The Sex Column: 'My ex is now living the life I wanted with him'
‘I was with my ex for seven years and although I wanted to get married, he kept putting it off, even telling me we couldn’t afford it even though I would have been happy with a register office.
‘He eventually turned cold, stopped wanting sex and we split up.
‘He’s since met someone else and recently proposed to her.
‘Since their engagement, I’ve been looking at her social media account and feel really low about it.
‘What’s your advice?‘
You’ve made the stinging discovery that your ex didn’t have deep principles about marriage after all.
‘Instead, you just weren’t the right one for him,’ says Dr Angharad Rudkin.
Such a brutally unambiguous situation can drive our emotional brain to seek out anything that confirms the inaccurate belief that we’re flawed, and the social media pages of an ex’s new partner are always a fine place to start.
‘Although you’re feeling crushed, if you can connect with your logical brain you will recognise that if you weren’t the right one for him, then he wasn’t the right one for you,’ Rudkin continues.
Couples are drawn to each other for complicated reasons.
‘Many individuals need to work through issues that include giving and receiving love, and experiencing reliability and mutual respect, which can stem from their early childhood relationships,’ says Rupert Smith. ‘Sometimes these dynamics lead to growth, sometimes they reach a stalemate.’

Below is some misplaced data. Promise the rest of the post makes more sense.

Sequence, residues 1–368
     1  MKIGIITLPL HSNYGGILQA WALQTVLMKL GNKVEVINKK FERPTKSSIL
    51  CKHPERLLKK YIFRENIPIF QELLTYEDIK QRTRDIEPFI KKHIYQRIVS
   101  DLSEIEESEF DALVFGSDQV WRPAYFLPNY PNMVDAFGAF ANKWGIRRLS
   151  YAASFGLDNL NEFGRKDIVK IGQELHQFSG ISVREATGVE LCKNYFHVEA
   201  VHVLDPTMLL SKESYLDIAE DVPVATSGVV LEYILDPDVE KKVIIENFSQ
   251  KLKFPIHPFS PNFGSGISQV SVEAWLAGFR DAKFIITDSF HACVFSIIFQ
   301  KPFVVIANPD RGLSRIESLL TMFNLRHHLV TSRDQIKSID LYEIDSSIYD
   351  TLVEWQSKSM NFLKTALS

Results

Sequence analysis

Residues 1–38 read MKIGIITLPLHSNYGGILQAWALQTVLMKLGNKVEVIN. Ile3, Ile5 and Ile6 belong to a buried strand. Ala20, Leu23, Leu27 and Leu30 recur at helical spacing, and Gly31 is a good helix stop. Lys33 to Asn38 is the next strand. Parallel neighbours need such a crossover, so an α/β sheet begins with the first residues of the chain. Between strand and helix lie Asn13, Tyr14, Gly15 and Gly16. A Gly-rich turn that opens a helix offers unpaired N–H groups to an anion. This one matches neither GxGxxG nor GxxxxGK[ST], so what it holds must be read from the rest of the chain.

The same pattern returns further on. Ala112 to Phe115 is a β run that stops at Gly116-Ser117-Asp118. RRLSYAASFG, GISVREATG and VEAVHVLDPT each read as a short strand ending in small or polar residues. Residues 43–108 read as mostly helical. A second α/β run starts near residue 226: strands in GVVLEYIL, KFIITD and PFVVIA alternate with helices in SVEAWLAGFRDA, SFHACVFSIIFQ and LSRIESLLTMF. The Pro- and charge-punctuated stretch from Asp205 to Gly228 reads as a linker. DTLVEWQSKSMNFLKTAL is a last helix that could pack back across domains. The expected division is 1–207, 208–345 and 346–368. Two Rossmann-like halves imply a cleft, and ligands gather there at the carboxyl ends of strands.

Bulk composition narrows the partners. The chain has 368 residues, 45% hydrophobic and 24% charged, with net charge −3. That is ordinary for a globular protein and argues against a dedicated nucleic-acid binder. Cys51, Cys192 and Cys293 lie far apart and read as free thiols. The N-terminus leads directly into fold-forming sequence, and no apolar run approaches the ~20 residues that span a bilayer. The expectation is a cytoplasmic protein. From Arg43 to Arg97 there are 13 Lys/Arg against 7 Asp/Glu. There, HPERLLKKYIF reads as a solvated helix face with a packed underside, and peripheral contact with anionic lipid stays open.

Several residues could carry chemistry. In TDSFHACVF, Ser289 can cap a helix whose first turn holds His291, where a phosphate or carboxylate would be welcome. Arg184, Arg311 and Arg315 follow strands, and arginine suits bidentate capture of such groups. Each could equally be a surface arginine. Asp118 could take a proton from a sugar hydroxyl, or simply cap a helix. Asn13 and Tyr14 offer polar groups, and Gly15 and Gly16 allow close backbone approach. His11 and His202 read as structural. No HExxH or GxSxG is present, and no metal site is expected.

If, however, you recognise a pattern you are repeating, investigate this chasing and avoidance dynamic while embracing the healing trinity that is hope, distraction and emollient cream.
‘When I was little, I had eczema on my arms. It was miserable,’ says James McConnachie. ‘The only thing that made me feel better was scratching — which, of course, only made it worse.
‘But this formula might work for you and it requires you to first focus on hope. The pain of losing a partner passes with time — you’ll be over the worst in months and you’ll have your head up inside a year.’
Second, distract yourself. Block their social media pages and any time you feel a compulsion to check, throw yourself into something — call a friend, do star jumps, anything.
‘Then apply emollient through healthy soothing and pampering,’ he says.
Throw yourself into projects, friendships, healing and fun.
‘That will leave you in a great position to find someone who wants to join in,’ says Rudkin.
Rupert Smith is an author and counsellor
James McConnachie is the author of Sex (Rough Guides)
Dr Angharad Rudkin is a clinical psychologist
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